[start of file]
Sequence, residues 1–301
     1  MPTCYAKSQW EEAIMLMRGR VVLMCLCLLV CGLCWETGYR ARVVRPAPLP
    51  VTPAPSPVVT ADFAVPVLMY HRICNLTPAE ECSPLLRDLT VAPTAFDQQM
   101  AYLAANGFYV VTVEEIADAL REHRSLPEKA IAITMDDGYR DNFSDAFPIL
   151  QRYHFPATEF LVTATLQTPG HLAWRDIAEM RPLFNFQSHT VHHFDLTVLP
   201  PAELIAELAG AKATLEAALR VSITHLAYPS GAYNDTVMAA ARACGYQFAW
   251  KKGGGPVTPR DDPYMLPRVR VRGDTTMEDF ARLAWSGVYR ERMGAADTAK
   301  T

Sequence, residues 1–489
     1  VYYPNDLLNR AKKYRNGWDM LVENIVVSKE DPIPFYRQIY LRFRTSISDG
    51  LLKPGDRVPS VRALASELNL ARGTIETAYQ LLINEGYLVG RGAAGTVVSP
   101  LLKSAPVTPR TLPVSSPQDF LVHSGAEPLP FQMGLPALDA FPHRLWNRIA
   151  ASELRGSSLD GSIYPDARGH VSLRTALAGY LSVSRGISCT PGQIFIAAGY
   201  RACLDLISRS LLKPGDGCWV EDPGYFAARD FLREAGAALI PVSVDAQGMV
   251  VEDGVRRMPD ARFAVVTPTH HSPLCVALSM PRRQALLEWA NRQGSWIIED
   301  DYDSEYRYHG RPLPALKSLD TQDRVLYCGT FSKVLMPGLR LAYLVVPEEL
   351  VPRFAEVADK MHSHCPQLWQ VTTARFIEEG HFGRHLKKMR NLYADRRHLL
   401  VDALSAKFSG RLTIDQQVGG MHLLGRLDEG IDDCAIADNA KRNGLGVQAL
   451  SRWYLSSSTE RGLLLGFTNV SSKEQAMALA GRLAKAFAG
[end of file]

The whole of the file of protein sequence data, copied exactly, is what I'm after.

Sequence, residues 1–301
     1  MPTCYAKSQW EEAIMLMRGR VVLMCLCLLV CGLCWETGYR ARVVRPAPLP
    51  VTPAPSPVVT ADFAVPVLMY HRICNLTPAE ECSPLLRDLT VAPTAFDQQM
   101  AYLAANGFYV VTVEEIADAL REHRSLPEKA IAITMDDGYR DNFSDAFPIL
   151  QRYHFPATEF LVTATLQTPG HLAWRDIAEM RPLFNFQSHT VHHFDLTVLP
   201  PAELIAELAG AKATLEAALR VSITHLAYPS GAYNDTVMAA ARACGYQFAW
   251  KKGGGPVTPR DDPYMLPRVR VRGDTTMEDF ARLAWSGVYR ERMGAADTAK
   301  T

Sequence, residues 1–489
     1  VYYPNDLLNR AKKYRNGWDM LVENIVVSKE DPIPFYRQIY LRFRTSISDG
    51  LLKPGDRVPS VRALASELNL ARGTIETAYQ LLINEGYLVG RGAAGTVVSP
   101  LLKSAPVTPR TLPVSSPQDF LVHSGAEPLP FQMGLPALDA FPHRLWNRIA
   151  ASELRGSSLD GSIYPDARGH VSLRTALAGY LSVSRGISCT PGQIFIAAGY
   201  RACLDLISRS LLKPGDGCWV EDPGYFAARD FLREAGAALI PVSVDAQGMV
   251  VEDGVRRMPD ARFAVVTPTH HSPLCVALSM PRRQALLEWA NRQGSWIIED
   301  DYDSEYRYHG RPLPALKSLD TQDRVLYCGT FSKVLMPGLR LAYLVVPEEL
   351  VPRFAEVADK MHSHCPQLWQ VTTARFIEEG HFGRHLKKMR NLYADRRHLL
   401  VDALSAKFSG RLTIDQQVGG MHLLGRLDEG IDDCAIADNA KRNGLGVQAL
   451  SRWYLSSSTE RGLLLGFTNV SSKEQAMALA GRLAKAFAG